In response to these problems, the main question addressed in this thesis has to do with the role of education quality in children&#8217;s dropping out of school. The central thesis proposed is that the problem of school dropout and education quality in poor, rural China stems from the alienating nature of the school system.



The methods adopted to answer these questions include a critical ethnography of four cases of dropout, each of which reflects on the assumptions associated with a particular cause of dropout or factor contributing to school access &#8211; namely, family poverty, illiterate parents, student attributes and their willingness to study, and the quality and distribution of educational resources. The thesis also offers a critical review of the theoretical approaches frequently used to conceptualize education quality, in relation to the insights gained from the case studies. The study is based on interviews with 112 informants and observations made during three months of fieldwork in China&#8217;s Yunnan and Guangdong provinces between 2009 and 2010.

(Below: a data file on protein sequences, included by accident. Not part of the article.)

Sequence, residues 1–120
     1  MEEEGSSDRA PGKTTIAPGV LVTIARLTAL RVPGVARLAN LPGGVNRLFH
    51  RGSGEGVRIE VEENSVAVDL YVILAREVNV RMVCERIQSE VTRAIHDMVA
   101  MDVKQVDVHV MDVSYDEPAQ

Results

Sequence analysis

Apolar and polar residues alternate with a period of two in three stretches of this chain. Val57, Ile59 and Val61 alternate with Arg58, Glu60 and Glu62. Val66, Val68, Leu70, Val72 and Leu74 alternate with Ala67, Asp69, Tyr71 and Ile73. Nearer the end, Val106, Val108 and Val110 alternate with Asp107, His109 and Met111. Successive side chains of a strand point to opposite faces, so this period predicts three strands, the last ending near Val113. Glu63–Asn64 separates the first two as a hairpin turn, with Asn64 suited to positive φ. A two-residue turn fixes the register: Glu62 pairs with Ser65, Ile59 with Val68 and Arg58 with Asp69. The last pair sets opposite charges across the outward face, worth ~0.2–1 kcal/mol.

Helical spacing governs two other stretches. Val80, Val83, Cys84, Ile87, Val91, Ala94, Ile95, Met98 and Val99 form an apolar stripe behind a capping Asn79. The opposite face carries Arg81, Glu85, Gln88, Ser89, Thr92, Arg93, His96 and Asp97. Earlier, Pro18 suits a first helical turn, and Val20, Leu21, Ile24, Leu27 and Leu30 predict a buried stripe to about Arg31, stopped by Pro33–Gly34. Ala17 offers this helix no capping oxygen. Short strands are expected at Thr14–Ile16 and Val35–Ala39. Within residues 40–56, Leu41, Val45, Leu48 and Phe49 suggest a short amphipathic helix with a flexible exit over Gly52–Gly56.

The case studies challenge the common assumptions made about school dropout, which are also leading theoretical approaches used to conceptualize education quality. The human capital approach, with its primary focus on the costs and benefits of schooling and its assumption of schooling as an investment, does not deal adequately with non-monetary concerns and the pressures on those living in poverty, and tends to ignore children who have different perceptions of schooling. A simple application of the critical approach tends to focus on structural causation and to overlook the agency of the child. While the systems approach focuses on the implementation and evaluation of education quality, it appears not to say enough about the ends of education. In the distribution of resources, both the utility-based and resource-based approaches tend to understate the importance of the individual&#8217;s socio-economic status.